Everybody in business knows this to be true: it’s way cheaper to retain a happy client than it is to acquire a new one.
But we know we need to acquire new clients in order to grow our businesses. And we rightly expect that we’ll succeed in doing so by building on the value we’re delivering to our existing clients.
All we need to do is ask our satisfied clients to recommend us – to their friends, their loved ones and their business colleagues. So that’s what we do.
The fact is, we’re often disappointed with the results.
Satisfaction, it turns out, is a necessary – though insufficient – condition for receiving referrals from existing clients.
So, what’s missing?
Engagement Drives Referrals From Clients
Advisor Impact’s Economics of Loyalty report found that while most of an advisor’s clients reported high levels of satisfaction with and loyalty to their advisors, only 1 in 5 of those clients actually provided a referral to their advisors.
When the report’s authors looked closer at which clients were giving referrals, they realized that there was another quality to the client-advisor relationship that seemed to correlate strongly with the act of making a referral. That quality is engagement.
In order to identify the drivers of this engagement, the Economics of Loyalty authors looked for common factors among those client-advisor relationships in which referrals occurred:
1. More attention – Engaged clients expected and received more frequent portfolio reviews and required more involvement of their advisor, though not necessarily because they represented more assets.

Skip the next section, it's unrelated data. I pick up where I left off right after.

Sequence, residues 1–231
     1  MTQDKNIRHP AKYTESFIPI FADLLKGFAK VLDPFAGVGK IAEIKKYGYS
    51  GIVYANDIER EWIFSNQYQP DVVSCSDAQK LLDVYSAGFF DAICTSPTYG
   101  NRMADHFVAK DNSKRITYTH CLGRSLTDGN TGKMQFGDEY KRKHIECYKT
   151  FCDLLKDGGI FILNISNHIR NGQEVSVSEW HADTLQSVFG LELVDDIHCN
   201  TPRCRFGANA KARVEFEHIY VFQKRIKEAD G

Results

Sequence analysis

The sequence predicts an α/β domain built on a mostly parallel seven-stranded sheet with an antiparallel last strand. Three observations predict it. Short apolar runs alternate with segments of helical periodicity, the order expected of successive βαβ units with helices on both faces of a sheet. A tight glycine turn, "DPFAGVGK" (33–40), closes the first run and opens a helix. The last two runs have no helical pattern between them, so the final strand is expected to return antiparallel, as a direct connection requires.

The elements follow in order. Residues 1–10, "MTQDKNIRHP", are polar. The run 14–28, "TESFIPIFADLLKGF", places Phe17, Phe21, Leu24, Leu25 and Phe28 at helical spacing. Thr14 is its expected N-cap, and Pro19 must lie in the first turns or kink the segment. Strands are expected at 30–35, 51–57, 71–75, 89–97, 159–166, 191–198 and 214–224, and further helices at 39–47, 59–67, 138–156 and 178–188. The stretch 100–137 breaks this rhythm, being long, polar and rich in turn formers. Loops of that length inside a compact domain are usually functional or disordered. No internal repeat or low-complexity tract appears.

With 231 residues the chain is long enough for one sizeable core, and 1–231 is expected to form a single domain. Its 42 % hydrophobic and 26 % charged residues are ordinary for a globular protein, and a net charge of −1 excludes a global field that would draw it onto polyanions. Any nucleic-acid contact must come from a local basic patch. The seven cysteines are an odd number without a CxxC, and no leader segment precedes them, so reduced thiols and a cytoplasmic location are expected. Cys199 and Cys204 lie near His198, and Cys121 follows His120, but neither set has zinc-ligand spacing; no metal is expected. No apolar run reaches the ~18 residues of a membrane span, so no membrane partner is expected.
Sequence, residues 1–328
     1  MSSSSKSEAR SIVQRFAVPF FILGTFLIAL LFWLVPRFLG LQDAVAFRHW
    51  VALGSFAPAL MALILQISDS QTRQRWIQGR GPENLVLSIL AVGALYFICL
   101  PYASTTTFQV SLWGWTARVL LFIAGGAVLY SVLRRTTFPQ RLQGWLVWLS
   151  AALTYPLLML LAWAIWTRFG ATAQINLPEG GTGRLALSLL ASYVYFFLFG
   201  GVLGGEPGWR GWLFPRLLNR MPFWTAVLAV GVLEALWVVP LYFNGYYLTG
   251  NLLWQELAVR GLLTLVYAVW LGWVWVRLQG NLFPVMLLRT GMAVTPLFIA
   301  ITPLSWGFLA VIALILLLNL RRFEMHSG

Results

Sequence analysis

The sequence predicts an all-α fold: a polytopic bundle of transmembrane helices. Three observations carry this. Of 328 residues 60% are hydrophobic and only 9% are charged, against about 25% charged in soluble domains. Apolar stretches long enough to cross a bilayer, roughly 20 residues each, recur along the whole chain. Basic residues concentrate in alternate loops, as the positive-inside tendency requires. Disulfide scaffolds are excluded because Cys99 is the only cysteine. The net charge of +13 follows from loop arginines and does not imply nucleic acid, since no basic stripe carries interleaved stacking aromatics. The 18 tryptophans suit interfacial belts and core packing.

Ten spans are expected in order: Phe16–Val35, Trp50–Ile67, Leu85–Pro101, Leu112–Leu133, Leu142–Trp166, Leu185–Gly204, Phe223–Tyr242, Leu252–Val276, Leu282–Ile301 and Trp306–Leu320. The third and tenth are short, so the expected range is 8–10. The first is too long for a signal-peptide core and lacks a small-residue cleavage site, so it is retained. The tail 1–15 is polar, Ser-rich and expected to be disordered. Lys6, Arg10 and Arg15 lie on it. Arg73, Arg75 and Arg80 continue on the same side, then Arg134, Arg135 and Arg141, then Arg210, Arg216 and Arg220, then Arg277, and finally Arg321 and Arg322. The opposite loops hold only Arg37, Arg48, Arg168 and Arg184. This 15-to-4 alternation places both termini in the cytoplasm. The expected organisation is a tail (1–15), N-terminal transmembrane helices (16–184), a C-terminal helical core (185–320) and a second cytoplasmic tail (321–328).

2. Written financial plan – Engaged clients were more likely to have written financial plan in place and felt that the plan was instrumental in helping them achieve their goals.
3. Coordinating role – Engaged clients were more likely to rely on their advisor to play a central role in their financial lives, for instance acting as a coordinator among the other professional advisors.
4. Advises offspring – Engaged clients with adult children were considerably more likely to have an advisor that also worked with their children.
5. Leadership – Engaged clients saw their advisor as a leader in terms of being proactive and keeping them on track, especially in turbulent times.
6. Opportunity for meaningful feedback – Engaged clients were dramatically more likely to have been asked for their input or feedback on the service being provided.
The new rules of engagement are social
Effective engagement is inspired by the empathy that develops simply by being human.
– Brian Solis
The drivers of client engagement revealed in the Economics of Loyalty data align strongly with the principles of effective social networking and inbound marketing and personal branding. Here’s how:
1. Social technologies allow you to do more with less time.
Clients will always want more of your time and attention, so how do you realign your allocations of both so that your most engaged clients receive more? Time, after all, is a finite resource.
Enter social media technologies that give you the potential to leverage finite time resources by extending the reach of “personal” communication. These benefits are invisible to the uninitiated and don’t even reveal themselves until you’ve scaled the steep social media learning curve.
Here’s an example. In one-on-one meetings with clients, you often repeat information – offering the same analysis, observations and reassurances over and over to one client at a time.